Expectation vs Reality: Lessons of a new starter at The Data School

by Kieran Lyddon

Doubling also as my introduction to both The Data School and to publishing blogs more widely, this post will act as a summary of my first week and highlight the most critical lessons I’ve learnt so far. Being a recent STEM graduate my perspective is likely most useful to others with that background. Having experience with Python before I assumed working with Alteryx for data processing would come naturally, but that I might struggle when it came to making dashboard designs and presenting them.

Step up
Photo by Jukan Tateisi / Unsplash

The first week was an introduction to Alteryx. Having had coding experience through my degree, the terms and procedural elements of the program were intuitive and clear. The ways in which tools are used and interact with each-other made sense even if the specifics of exactly which tool to apply for different scenarios will take some time to develop. Most importantly this week has taught me not to take my prior knowledge for granted or make assumptions on how tools and syntaxes work without investigating further.

Our Alteryx skills were put to the test on our first project day on Friday, also requiring us to apply what knowledge of dashboard design we had before presenting our work to a collective of previous Data Schoolers. In practice I found that recognizing when a process could be solved in Alteryx came slower than I had hoped. Under the time constraints this led to a rather puzzling solution - importing two very similar datasets into Tableau separately instead of including an identifying field on each and combining them before exporting to Tableau. However, that intuition takes time and experience to build up, so I will have to make good use of the Alteryx Challenge Index to help with that.

scrabble, scrabble pieces, lettering, letters, white background, wood, scrabble tiles, wood, words, 
practice, practise, do, train, practise what you preach,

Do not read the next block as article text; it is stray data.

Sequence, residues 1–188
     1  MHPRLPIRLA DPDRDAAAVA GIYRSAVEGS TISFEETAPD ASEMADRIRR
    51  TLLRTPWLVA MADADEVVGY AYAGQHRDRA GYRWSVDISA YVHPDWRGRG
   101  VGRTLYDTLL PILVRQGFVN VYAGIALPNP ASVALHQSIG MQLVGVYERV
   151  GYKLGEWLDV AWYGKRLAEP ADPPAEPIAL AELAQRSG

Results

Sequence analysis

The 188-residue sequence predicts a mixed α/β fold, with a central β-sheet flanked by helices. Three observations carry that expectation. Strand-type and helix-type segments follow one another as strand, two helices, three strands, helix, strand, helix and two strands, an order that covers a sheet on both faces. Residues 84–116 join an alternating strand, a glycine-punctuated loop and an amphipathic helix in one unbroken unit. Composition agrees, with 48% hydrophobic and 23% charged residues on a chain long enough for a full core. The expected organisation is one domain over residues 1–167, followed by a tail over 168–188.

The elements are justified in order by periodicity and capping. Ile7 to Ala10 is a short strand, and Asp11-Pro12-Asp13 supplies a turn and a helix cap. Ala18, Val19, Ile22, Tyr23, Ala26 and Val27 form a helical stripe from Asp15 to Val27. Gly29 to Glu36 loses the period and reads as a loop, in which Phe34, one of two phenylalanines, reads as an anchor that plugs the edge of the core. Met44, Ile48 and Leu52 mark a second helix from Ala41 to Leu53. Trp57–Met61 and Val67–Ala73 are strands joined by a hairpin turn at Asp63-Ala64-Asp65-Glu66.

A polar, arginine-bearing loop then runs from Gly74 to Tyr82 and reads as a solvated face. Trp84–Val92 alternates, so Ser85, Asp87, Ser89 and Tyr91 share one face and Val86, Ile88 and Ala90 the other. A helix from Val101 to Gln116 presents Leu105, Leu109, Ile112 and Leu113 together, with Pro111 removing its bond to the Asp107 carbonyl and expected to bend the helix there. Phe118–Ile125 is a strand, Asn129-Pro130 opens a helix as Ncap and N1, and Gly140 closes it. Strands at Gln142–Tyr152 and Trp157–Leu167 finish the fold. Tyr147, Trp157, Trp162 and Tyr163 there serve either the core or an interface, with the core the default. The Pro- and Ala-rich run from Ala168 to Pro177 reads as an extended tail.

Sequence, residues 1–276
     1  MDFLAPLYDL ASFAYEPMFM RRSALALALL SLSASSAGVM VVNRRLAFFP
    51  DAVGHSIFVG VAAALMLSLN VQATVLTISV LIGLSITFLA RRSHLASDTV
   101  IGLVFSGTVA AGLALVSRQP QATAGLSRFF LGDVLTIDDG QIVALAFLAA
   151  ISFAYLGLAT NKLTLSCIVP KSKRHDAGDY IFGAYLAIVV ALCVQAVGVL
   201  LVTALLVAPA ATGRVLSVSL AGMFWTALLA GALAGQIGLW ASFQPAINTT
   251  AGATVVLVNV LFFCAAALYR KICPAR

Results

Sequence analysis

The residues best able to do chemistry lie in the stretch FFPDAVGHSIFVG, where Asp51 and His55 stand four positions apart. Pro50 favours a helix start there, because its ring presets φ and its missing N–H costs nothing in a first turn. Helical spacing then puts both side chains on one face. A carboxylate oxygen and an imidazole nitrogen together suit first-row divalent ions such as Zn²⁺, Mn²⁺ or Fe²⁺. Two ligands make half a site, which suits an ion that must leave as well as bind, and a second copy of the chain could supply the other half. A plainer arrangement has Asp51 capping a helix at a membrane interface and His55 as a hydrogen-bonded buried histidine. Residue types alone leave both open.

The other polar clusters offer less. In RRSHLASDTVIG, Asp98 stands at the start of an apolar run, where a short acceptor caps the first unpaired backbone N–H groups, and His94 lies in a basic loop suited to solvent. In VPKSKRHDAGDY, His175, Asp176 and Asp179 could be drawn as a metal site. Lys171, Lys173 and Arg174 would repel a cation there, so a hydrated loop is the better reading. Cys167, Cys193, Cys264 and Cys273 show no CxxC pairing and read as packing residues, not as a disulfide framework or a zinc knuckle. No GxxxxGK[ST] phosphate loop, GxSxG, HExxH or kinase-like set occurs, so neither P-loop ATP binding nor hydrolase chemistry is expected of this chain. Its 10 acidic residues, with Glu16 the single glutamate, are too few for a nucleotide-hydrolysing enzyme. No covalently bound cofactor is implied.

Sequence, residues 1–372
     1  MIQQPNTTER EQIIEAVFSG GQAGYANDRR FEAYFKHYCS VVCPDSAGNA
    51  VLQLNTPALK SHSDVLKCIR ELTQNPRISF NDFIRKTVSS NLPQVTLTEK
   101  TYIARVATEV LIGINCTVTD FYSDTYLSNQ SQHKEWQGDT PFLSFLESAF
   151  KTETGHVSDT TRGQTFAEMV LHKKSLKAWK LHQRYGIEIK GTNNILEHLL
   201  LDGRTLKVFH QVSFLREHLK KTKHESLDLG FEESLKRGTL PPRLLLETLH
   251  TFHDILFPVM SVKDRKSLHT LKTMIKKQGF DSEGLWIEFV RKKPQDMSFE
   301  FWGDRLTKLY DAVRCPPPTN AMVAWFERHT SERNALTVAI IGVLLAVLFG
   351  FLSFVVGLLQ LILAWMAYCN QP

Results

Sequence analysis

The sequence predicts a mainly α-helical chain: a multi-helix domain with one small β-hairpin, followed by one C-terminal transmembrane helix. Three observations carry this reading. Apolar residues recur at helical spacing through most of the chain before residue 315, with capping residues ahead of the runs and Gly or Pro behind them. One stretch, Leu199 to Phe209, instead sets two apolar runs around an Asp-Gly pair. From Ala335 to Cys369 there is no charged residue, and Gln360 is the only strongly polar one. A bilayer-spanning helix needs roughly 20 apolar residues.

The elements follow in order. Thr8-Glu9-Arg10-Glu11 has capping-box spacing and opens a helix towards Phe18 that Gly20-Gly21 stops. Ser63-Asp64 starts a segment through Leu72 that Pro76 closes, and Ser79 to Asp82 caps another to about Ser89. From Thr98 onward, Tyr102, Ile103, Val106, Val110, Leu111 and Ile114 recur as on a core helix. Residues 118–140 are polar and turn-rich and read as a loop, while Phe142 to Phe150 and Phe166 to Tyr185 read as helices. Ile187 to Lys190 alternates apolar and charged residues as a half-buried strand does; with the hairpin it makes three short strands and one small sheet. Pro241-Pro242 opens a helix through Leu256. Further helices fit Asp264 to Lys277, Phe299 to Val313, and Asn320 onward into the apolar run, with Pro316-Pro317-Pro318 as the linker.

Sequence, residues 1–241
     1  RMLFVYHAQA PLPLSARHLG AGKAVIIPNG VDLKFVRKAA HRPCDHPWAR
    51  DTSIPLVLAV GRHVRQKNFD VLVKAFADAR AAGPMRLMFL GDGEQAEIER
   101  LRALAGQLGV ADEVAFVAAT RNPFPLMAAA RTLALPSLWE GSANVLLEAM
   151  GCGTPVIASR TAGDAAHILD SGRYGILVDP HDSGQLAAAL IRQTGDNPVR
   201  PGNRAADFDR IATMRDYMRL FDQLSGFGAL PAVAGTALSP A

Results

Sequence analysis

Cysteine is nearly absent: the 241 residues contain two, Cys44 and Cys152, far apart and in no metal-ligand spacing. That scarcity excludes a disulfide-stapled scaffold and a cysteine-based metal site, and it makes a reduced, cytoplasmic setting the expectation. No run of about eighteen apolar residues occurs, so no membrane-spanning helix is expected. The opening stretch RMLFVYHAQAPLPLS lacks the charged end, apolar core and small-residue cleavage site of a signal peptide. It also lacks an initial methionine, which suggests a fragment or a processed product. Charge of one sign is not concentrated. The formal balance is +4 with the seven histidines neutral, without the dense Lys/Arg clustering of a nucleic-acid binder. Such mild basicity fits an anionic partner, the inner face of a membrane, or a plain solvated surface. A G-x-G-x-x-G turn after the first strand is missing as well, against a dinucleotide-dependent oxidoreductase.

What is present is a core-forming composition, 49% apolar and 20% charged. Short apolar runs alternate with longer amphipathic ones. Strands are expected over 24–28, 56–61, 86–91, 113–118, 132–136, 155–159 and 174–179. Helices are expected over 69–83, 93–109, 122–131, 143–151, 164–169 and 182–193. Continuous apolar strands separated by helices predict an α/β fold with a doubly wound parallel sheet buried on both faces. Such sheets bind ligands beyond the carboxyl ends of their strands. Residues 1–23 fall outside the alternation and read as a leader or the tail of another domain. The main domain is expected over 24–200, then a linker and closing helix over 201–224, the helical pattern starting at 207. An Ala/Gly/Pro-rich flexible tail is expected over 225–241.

Photo by Brett Jordan / Unsplash

When the time came to present our work, I was given the dubious honour of going first. Having to explain my work to a dozen more people than I had expected was tough, but I certainly learnt some things from the experience! In future I need to make sure I include a clear introduction to the topic as well as goals and outcomes for the project. I also need to set aside some time to rehearse! One benefit of going first though was being able to pay full attention to the rest of DS26’s presentations without the distracting nerves of waiting for my turn. I learnt a lot from their approaches, mainly that I need to slow down the pace to help my audience engage more.

To close out on our first week, we were then able to listen in on the presentation of a client project as a window into our future. While not reflective of how the presentation went, I learnt that when working on a project I must do my best to identify the business requirements from the outset. Without thorough and detailed communication of how the data was developed and what the desired outcomes are, a team may end up losing valuable hours on developing solutions that are insufficient for a client. I need to make sure that when it is time to begin our first client projects I am prepared to establish a clear and productive exchange of ideas.

So, how reasonable were my expectations coming into The Data School? While the practical application of Alteryx gave me more trouble than expected and the dashboard design and presentations were difficult to manage, I have found it relatively simple to identify where my shortcomings lay. While not immediately succeeding can be frustrating I’m glad to have been able to discover what I can work on and develop in the coming weeks.

In summary, some of my most valuable lessons so far are:

In Alteryx:

  • Avoid making assumptions about how different tools work. Make sample workflows to investigate instead.
  • Develop experience with different data tools using the Challenge Index.

When presenting:

  • Consider how familiar your audience is with the topic. Remember to clearly state important background information, goals, and outcomes.
  • Listen to and learn from how others present.